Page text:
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Deaf or Hard of Hearing? What's the Difference?

Truth Is..Not Much Difference

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Updated April 28, 2014

What is the difference between being hard of hearing and being deaf? The answer is not simple, and is getting even harder to define with the growth of cochlear implants.

Medical Definition

Medically, the definition depends on how many decibels of hearing loss you have. A loss that is less than profound is generally considered hard of hearing. The article Types, Degrees of Hearing Loss gives an overview of what hearing loss level would be considered deaf or hard of hearing.

Functional Definition

When I was growing up, there was an expression, "he's deaf but with hearing aids, he functions like hard of hearing." I've always been deaf, but when I wore hearing aids people often considered me hard of hearing because of how well I functioned with the hearing aids. Even other deaf students thought I was hard of hearing when my audiogram said I was deaf.

Cultural Definition

Then there is the cultural definition. According to the cultural definition, being deaf or hard of hearing has nothing to do with how much you can hear! It has to do with how you identify yourself - do you identify more closely with hearing people or with deaf people? Many medically hard of hearing people consider themselves culturally deaf.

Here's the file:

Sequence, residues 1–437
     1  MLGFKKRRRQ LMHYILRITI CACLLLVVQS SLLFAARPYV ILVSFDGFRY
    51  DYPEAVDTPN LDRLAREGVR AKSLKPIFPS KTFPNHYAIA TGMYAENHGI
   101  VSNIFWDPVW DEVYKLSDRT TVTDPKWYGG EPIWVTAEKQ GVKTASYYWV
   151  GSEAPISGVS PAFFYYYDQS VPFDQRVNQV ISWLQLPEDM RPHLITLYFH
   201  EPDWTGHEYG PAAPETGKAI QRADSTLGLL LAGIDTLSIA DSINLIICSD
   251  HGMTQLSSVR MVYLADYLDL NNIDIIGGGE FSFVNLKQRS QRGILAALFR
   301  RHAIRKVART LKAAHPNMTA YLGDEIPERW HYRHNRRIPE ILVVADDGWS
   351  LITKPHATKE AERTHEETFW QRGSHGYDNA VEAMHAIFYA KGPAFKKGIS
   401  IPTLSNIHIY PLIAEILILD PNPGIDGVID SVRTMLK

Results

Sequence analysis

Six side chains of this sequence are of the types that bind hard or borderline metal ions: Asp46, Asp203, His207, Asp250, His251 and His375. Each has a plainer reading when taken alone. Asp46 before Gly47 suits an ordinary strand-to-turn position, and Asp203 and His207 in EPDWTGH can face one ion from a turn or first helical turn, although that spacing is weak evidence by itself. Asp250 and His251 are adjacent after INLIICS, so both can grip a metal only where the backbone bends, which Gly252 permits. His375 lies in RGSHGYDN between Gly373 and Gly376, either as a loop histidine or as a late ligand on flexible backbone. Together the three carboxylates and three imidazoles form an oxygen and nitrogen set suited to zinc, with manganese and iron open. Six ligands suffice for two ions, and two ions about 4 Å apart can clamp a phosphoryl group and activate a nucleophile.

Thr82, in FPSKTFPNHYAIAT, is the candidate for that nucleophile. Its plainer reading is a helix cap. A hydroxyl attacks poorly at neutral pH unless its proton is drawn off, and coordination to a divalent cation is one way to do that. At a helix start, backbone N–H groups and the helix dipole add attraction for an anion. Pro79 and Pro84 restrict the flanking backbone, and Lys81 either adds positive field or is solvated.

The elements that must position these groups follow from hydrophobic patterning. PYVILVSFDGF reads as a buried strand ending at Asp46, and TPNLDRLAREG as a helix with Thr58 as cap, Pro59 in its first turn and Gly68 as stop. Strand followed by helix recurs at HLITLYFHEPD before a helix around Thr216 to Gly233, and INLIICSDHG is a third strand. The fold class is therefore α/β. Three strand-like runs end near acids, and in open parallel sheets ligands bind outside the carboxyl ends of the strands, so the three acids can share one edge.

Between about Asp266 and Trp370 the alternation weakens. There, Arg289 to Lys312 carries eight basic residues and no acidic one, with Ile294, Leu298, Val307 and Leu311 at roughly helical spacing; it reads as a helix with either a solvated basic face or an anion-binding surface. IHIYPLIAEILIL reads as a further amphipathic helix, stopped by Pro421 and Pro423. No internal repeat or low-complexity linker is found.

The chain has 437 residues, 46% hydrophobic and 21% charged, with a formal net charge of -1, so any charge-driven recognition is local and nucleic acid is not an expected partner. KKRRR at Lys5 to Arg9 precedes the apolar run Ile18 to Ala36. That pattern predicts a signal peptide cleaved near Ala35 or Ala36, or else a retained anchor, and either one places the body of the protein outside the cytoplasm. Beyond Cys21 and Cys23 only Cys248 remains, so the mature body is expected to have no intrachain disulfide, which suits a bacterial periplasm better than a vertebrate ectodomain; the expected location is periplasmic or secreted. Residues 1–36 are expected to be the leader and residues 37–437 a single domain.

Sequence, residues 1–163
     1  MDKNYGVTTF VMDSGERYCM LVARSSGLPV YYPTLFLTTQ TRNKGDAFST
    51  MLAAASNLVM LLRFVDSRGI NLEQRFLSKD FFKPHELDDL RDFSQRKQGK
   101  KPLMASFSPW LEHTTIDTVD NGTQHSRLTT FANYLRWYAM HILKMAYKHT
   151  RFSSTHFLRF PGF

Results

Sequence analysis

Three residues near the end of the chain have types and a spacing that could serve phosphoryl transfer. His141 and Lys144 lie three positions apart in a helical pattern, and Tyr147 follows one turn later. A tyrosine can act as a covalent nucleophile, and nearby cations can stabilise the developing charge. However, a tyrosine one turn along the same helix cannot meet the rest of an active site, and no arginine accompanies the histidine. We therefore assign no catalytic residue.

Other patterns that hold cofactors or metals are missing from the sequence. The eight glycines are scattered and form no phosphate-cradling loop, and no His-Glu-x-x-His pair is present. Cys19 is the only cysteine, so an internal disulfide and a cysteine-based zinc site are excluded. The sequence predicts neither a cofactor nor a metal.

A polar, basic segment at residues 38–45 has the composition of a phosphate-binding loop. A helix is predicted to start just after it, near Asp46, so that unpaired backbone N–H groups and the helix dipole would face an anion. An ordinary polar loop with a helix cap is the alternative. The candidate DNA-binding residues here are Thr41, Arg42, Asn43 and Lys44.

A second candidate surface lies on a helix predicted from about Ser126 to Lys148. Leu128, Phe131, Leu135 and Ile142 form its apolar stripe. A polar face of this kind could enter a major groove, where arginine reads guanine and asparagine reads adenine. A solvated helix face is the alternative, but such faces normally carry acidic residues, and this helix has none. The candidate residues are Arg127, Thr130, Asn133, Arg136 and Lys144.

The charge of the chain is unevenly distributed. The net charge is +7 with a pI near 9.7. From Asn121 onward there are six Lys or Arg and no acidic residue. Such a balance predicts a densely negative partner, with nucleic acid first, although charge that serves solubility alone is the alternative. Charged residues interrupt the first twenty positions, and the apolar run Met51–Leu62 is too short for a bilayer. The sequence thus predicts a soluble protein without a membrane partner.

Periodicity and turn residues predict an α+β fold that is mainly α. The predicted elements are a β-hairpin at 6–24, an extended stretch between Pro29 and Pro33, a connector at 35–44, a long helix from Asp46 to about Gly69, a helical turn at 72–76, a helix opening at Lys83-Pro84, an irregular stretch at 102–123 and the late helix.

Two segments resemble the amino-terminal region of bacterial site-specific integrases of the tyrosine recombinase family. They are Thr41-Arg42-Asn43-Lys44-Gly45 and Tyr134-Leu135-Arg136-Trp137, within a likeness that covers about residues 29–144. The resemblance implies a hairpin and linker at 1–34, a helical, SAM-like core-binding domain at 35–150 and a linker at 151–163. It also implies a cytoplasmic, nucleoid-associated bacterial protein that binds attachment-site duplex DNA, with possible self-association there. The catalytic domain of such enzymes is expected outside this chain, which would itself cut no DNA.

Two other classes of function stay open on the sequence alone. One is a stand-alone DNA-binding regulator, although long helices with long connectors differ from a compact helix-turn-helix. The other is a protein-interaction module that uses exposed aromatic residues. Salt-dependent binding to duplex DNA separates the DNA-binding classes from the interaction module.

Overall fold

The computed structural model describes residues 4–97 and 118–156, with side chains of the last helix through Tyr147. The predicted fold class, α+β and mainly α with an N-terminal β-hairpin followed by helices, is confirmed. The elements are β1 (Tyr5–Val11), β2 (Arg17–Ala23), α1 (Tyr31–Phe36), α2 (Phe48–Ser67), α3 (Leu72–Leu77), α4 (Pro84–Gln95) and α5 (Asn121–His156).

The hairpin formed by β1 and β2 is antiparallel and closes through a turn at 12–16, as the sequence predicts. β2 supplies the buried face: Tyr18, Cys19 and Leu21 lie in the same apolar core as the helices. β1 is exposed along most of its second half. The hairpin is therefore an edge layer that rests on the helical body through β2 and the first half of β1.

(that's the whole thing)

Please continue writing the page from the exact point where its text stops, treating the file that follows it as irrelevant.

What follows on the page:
Pyschological Definition

This one is my own invention. Have you ever heard a person who was medically and functionally deaf insist, "I'm not deaf, I'm hard of hearing?" This statement is often made by people with hearing loss who are ashamed of how deaf they are.

Dual Definition

Are people with cochlear implants whose hearing losses are reduced to as little as 20 db hard of hearing or deaf? In my opinion, the answer is, "both." I say both because when a cochlear implantee has the implant on and can hear that well, they are hard of hearing. When the implant is off and they can not hear anything, they are deaf. The same is true for hearing aids. Long ago, I would say that I was "on the air" when wearing my hearing aids and functioning like a hard of hearing person, but "off the air" when not wearing the hearing aids and unable to hear anything.

Web Articles

The National Association of the Deaf addressed this same question in their FAQ page, Difference Between Deaf and Hard of Hearing.
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  3. Hearing Loss
  4. Deaf Culture and History
  5. Deaf Culture
  6. Deaf or Hard of Hearing? What Is the Difference?

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